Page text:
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Sir Edward Coley Burne-Jones, 1st Baronet ARA (1833-1898) was an English artist and designer closely associated with the later phase of the Pre-Raphaelite movement, who worked closely with William Morris on a wide range of decorative arts as a founding partner in Morris, Marshall, Faulkner & Co. Burne-Jones was closely involved in the rejuvenation of the tradition of stained glass art in Britain; his stained-glass include windows in St. Philip's Cathedral, Birmingham, St Martin in the Bull Ring, Birmingham, Holy Trinity Church, Sloane Square, Chelsea, St Peter and St Paul parish church in Cromer, St Martin's Church in Brampton, Cumbria (the church designed by Philip Webb), St Michael's Church, Brighton, All Saints, Jesus Lane, Cambridge, St Edmund Hall and Christ Church, two colleges of the University of Oxford. Edward Coley Burne Jones was born in Birmingham, the son of a Welshman, Edward Richard Jones, a frame-maker at Bennetts Hill, where a blue plaque commemorates the painter's childhood. His mother Elizabeth Coley Jones died within six days of his birth, and he was raised by his grieving father and the family housekeeper, Ann Sampson, an obsessively affectionate but humourless and unintellectual local girl. He attended Birmingham's King Edward VI grammar school from 1844 and the Birmingham School of Art from 1848 to 1852, before studying theology at Exeter College, Oxford. At Oxford he became a friend of William Morris as a consequence of a mutual interest in poetry. The two Exeter undergraduates, together with a small group of Jones' friends from Birmingham known as the Birmingham Set, speedily formed a very close and intimate society, which they called "The Brotherhood". The members of the Brotherhood read John Ruskin and Tennyson, visited churches, and worshipped the Middle Ages. At this time Burne-Jones discovered Thomas Malory's Le Morte d'Arthur which was to be so influential in his life. At that time neither Burne-Jones nor Morris knew Gabriele Rossetti personally, but both were much influenced by his works, and met him by recruiting him as a contributor to their Oxford and Cambridge Magazine which Morris founded in 1856 to promote their ideas. Burne-Jones was elected an Associate of the Royal Academy in 1885, and the following year he exhibited at the Academy, showing The Depths of the Sea, a painting of a mermaid carrying down with her a youth whom she has unconsciously drowned in the impetuosity of her love. This picture adds to the habitual haunting charm a tragic irony of conception and a felicity of execution which give it a place apart among Burne-Jones's works. He formally resigned his Associateship in 1893. One of the Perseus series was exhibited in 1887, two more in 1888, with The Brazen Tower, inspired by the same legend. In 1890 the second series of The Legend of Briar Rose were exhibited by themselves, and won the widest admiration. The huge watercolor, The Star of Bethlehem, painted for the corporation of Birmingham, was exhibited in 1891. A long illness for some time checked the painter's activity, which, when resumed, was much occupied with decorative schemes. An exhibition of his work was held at the New Gallery in the winter of 1892–1893. To this period belong several of his comparatively few portraits. In 1894 Burne-Jones was made a baronet. Ill-health again interrupted the progress of his works, chief among which was the vast Arthur in Avalon. In the winter following his death a second exhibition of his works was held at the New Gallery, and an exhibition of his drawings at the Burlington Fine Arts Club. https://en.wikipedia.org/wiki/Edward_Burne-Jones Thank you, please subscribe for future videos https://www.youtube.com/channel/UC0gMk3w9hw8BbtqoUpEMKeg?sub_confirmation=1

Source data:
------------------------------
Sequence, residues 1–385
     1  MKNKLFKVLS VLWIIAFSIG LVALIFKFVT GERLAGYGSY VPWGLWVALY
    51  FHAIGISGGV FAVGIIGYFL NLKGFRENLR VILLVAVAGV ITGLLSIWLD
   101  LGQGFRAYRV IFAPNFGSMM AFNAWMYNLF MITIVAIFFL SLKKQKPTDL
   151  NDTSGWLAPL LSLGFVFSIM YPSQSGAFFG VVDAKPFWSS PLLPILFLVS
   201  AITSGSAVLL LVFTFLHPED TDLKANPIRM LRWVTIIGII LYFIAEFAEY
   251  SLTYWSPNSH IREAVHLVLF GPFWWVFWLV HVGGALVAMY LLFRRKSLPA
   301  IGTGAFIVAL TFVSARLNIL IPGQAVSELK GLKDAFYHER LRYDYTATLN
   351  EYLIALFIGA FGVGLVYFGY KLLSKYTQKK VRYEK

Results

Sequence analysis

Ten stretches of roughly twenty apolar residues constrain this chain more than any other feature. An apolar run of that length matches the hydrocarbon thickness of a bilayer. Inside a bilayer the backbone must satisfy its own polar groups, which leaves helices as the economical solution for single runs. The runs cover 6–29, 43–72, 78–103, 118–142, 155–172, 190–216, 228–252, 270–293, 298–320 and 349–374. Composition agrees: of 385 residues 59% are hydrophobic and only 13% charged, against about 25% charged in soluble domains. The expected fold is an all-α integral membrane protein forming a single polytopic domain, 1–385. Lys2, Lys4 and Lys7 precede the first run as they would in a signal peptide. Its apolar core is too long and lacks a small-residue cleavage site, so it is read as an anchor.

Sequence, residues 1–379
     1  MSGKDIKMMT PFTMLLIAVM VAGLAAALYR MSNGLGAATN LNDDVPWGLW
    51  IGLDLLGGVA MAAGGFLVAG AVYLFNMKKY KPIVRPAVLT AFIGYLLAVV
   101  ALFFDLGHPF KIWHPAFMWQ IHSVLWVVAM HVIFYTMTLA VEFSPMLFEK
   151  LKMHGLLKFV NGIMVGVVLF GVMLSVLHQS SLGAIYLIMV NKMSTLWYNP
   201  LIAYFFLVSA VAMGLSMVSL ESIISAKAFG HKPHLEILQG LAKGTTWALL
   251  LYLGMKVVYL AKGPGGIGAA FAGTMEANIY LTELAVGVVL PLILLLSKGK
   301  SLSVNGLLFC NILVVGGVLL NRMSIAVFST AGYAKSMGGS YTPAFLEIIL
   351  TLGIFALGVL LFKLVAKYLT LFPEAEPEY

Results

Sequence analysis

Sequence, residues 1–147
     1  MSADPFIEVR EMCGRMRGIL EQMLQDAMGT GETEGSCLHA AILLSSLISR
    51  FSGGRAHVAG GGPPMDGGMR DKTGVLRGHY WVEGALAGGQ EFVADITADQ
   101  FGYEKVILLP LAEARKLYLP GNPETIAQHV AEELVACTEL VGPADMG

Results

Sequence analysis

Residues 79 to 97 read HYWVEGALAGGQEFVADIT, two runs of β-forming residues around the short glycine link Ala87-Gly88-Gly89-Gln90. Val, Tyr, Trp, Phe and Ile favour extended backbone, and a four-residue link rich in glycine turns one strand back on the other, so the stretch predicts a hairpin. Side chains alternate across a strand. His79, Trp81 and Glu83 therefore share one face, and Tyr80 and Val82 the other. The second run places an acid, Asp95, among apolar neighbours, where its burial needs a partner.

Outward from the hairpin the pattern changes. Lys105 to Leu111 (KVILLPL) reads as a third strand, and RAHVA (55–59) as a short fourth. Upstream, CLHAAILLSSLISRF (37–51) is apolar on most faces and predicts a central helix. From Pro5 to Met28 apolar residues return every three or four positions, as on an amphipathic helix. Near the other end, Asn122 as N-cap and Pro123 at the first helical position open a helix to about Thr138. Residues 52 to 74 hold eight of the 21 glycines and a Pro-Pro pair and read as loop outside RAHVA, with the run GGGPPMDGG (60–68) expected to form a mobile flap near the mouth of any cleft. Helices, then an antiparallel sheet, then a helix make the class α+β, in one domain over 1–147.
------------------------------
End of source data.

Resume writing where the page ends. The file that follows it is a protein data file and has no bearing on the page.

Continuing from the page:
Vittoria Luisa di Prussia, la figlia dell'ultimo Kaiser. Può sembrare strano che la stessa persona che ha compilato diverse playlist di canti anarchici (il sottoscritto...) carichi ora su You Tube le romantiche foto di una principessa, Vittoria Luisa di Prussia. Peggio ancora, attraverso di lei questo clip vorrebbe essere un piccolo omaggio a suo padre, il Kaiser Guglielmo II, che senza ombra di dubbio fu antidemocratico, nazionalista, militarista, ecc. Com'è possibile? Il motivo sta nel fatto che l'Imperatore di sua iniziativa -ignorando l'opposizione del Cancelliere Bismarck- volle andare incontro alle esigenze dei lavoratori. Per la prima volta nella storia dell'umanità, a partire dal 1883-1889 i lavoratori tedeschi poterono godere di pensione, assistenza sanitaria, assicurazione contro gli infortuni e l'invalidità. Negli altri paesi le richieste dei lavoratori incontrarono tutt'altra accoglienza. Pensate all'Haymarket Massacre di Chicago (che poi diede origine alla festa del 1° maggio), alle torture medievali che vennero riesumate contro i lavoratori nella Spagna di Cánovas (poi giustiziato da Michele Angiolillo), alla carneficina provocata dalle cannonate del generale Bava Beccaris tra i lavoratori che a Milano protestavano contro l'aumento del prezzo del pane. Umberto I approvò la strage, anzi come ricompensa di tutto quel sangue premiò il macellaio piemontese con la nomina a senatore, un'infamia che Gaetano Bresci non lasciò impunita. Gaetano Bresci. Ma del resto c'è un abisso fra i Savoia, che rimasero sempre dei poveri zoticoni, e gli Hohenzollern -la Casa regnante di Prussia e Germania- che fra i suoi membri contò personaggi del calibro di Federico il Grande (Friedrich der Grosse), fra l'altro autore della bella musica che state ascoltando. Qualcuno fa notare che Guglielmo II si comportò così per timore di una rivoluzione. Eh già! Invece negli altri paesi il welfare arrivò (quando arrivò) per la generosità cristiana dei governi e la filantropia degli industriali! - - - - - - Gli imperatori di Germania ebbero sette figli. Vittoria Luisa fu l'ultima e l'unica femmina, divenne perciò la cocca di casa. Per di più aveva un magnifico carattere che traspare anche dalle foto, dove è quasi sempre sorridente. Tra i fratelli, Vittoria Luisa era particolarmente legata a Joachim e a Oskar, i più vicini d'età. Vittoria Luisa (in tedesco per Vittoria viene usata sia la grafia "Viktoria" che "Victoria") si fidanzò con Ernst August Hannover, duca di Braunschweig (a volte anche in italiano si usa il nome inglese, Brunswick). Nelle foto vediamo i due fidanzati a passeggio in un parco, scortati dal fratello Oskar. Il matrimonio fu particolarmente fastoso, anche perché segnava il riavvicinamento fra le casate degli Hohenzollern e degli Hannover, divise da un odio antico. Fu l'ultimo fuoco d'artificio della Belle Époque... era il 24 maggio 1913, e la guerra si avvicinava terribile. Dopo il matrimonio, gli sposi andarono a vivere nell'immenso Braunschweig Schloss (foto a colori d'epoca), che andò distrutto nel corso della II Guerra Mondiale. Nel 2007 è stata fedelmente ricostruita la sola facciata, che però nasconde un centro commerciale! Formalmente Vittoria Luisa era comandante in capo del 2° reggimento dei Leib-Husaren "Totenkopf" (Ussari "Testa di Morto", chiamati così per il lugubre ornamento del copricapo). Sua cognata Cecilia, moglie del fratello Guglielmo -principe ereditario- comandava invece un reggimento di Dragoni. In una foto le due ragazze sono insieme al Kaiser e agli ufficiali del 2° reggimento Ussari. In un'altra foto Vittoria Luisa, a cavallo, chiacchera con i figli del principe ereditario, che sembrano un po' intimiditi dalla Testa di Morto. Viktoria Luise ed Ernst August ebbero cinque figli. L'unica figlia, Friedrike, sposò Paolo di Grecia, che poi divenne Re degli Elleni. Doña Sofia, l'attuale regina di Spagna, è figlia di Paolo e Friederike, e perciò nipote di Vittoria Luisa. MUSICA: Undercover Vampire Policeman Chris Zabriskie